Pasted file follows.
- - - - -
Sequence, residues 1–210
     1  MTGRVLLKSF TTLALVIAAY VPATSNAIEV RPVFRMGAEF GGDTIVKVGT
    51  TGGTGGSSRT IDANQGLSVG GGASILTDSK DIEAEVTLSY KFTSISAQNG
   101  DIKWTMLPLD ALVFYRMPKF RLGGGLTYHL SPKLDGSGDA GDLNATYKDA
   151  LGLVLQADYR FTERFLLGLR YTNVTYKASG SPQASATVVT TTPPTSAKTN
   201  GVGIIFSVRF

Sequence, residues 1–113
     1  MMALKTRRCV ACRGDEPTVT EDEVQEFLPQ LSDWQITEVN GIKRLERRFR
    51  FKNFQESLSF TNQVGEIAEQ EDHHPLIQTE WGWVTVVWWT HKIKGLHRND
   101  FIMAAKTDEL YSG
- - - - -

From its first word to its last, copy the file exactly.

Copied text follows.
Sequence, residues 1–210
     1  MTGRVLLKSF TTLALVIAAY VPATSNAIEV RPVFRMGAEF GGDTIVKVGT
    51  TGGTGGSSRT IDANQGLSVG GGASILTDSK DIEAEVTLSY KFTSISAQNG
   101  DIKWTMLPLD ALVFYRMPKF RLGGGLTYHL SPKLDGSGDA GDLNATYKDA
   151  LGLVLQADYR FTERFLLGLR YTNVTYKASG SPQASATVVT TTPPTSAKTN
   201  GVGIIFSVRF

Sequence, residues 1–113
     1  MMALKTRRCV ACRGDEPTVT EDEVQEFLPQ LSDWQITEVN GIKRLERRFR
    51  FKNFQESLSF TNQVGEIAEQ EDHHPLIQTE WGWVTVVWWT HKIKGLHRND
   101  FIMAAKTDEL YSG